The Crimson White

Nietzsche's Dead, so we should live

Rich Robinson

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“We live in the most narrow present, without a past or a future, in the midst of a flat calm.” That statement sounds like it could have been spoken by a number of figures in today’s culture. With all the negativity and bad news flying about, it’s hard to focus on the long term. But in fact, Peter Chaadaev said those words in 1837. Chaadaev was a Russian intellectual who was blacklisted by Tsar Nicholas I because of his connections to the Decembrist revolt, a political insurrection that marked a high point for 19th century idealism. Operating in a society without true press freedoms, Chaadaev was labeled as “insane” and had to endure constant checkups from state doctors and officers. I see him as a man who believed in a form of political “nihilism,” the idea that life has no meaning. While often seen as a long passed philosophical tradition, nihilism has been making a comeback lately.

In 2011, writer Eugene Thacker released a book titled “In the Dust of this Planet,” which explained the prevalence of disaster themed movies and extinction motifs in modern culture. About three years later, Jay Z was spotted wearing a jacket with the nihilist title of Thacker’s book in the video for the “On the Run” tour. Other celebs have also worn articles of clothing with the same phrase. This caught the attention of public broadcasting outlets, which have devoted entire episodes of Radiolab and On the Media to the resurgence of nihilism in our times.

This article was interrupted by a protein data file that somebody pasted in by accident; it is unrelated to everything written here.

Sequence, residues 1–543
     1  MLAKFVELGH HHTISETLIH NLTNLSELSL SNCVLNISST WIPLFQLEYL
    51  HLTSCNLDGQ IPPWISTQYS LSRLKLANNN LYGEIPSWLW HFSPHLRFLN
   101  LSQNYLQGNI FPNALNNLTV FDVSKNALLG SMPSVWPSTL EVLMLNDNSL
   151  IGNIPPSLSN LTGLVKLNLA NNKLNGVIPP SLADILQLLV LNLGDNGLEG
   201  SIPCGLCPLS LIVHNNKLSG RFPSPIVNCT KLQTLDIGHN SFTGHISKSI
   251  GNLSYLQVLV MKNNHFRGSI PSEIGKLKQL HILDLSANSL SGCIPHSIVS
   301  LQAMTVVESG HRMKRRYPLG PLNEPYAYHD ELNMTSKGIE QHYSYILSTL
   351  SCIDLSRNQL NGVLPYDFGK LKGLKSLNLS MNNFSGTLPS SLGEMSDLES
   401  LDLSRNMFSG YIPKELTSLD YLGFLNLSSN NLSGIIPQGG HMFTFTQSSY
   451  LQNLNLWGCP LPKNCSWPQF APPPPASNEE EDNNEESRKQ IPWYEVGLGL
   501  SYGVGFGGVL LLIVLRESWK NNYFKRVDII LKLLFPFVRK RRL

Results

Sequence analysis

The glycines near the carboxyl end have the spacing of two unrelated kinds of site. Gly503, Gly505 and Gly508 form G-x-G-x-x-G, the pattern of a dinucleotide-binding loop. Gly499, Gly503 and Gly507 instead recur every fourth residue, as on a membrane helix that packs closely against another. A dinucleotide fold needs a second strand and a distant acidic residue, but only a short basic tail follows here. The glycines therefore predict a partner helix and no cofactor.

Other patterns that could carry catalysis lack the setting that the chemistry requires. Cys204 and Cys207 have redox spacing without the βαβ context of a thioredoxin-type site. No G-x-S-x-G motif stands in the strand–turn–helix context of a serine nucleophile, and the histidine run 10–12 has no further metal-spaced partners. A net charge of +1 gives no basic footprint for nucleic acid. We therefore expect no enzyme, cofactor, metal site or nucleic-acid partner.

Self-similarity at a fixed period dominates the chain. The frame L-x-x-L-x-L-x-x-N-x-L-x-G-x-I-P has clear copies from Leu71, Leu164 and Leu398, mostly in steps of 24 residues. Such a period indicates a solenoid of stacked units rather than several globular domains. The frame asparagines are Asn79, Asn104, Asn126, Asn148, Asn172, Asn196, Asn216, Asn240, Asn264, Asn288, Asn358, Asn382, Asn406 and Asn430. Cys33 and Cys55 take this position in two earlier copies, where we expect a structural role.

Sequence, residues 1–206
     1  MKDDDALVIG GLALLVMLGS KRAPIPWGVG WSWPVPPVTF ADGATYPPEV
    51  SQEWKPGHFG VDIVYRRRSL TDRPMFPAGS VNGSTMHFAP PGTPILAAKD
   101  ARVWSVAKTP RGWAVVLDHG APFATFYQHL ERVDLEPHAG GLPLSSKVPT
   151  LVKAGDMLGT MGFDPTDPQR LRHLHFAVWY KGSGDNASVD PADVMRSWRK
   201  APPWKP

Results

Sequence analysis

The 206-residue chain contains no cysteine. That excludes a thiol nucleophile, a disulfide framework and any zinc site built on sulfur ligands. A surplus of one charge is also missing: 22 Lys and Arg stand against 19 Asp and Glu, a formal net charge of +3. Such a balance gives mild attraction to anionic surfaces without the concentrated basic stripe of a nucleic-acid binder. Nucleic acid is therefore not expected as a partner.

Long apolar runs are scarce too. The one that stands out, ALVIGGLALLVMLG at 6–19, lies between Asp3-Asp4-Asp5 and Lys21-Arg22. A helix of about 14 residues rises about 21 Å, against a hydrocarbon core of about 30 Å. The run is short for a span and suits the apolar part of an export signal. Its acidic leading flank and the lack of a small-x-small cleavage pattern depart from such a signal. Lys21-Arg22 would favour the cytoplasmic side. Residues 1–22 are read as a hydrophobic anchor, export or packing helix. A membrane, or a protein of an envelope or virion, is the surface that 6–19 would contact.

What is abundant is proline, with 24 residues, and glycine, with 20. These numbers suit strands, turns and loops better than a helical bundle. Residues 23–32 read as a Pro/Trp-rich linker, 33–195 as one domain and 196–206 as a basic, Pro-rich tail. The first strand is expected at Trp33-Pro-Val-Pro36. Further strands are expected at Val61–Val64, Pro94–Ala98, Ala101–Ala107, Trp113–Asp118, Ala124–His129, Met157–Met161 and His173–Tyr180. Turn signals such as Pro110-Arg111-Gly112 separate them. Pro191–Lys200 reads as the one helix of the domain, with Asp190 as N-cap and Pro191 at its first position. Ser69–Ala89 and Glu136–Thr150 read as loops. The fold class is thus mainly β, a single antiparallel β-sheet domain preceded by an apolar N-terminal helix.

Even the 2014 elections are turning into an uninspiring ordeal, an expensive bother that will resolve little and probably create more gridlock in D.C. Globally, Western nations have been forced to engage in war in the Middle East again, but there is no clear path in ending the rise of Islamic extremism and no real consensus about what to do next. China is facing an existential crisis in Hong Kong, the United Kingdom is slowly separating into a loose coalition of nations with talk of a separate English parliament and Russia faces internal strife as economic sanctions drive the country toward recession. And then there is America. The most important country in the history of the world has no idea where it’s going. With a crumbling infrastructure, too big to fail financial sector and a shaky educational system, America has failed to articulate its position moving forward.

The same goes for Alabama, which has a stalling economy and an unemployment rate a full percentage point higher than the national average. What does the future of the Yellowhammer State look like? It’s hard to know because both leading candidates for governor refuse to debate each other. More locally, where is The University of Alabama really going? Beats me. The only time we hear from President Judy Bonner is in the periodic Vimeo video after a crisis. The same goes for the SGA and other outlets of campus leadership. Who are we, and where are we going? It’s time for each of us to answer that question, or we may drift further still. Wow. Maybe nihilism isn’t as bad as I thought.

Rich Robinson is a senior majoring in telecommunication and film. His column runs weekly.

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Nietzsche's Dead, so we should live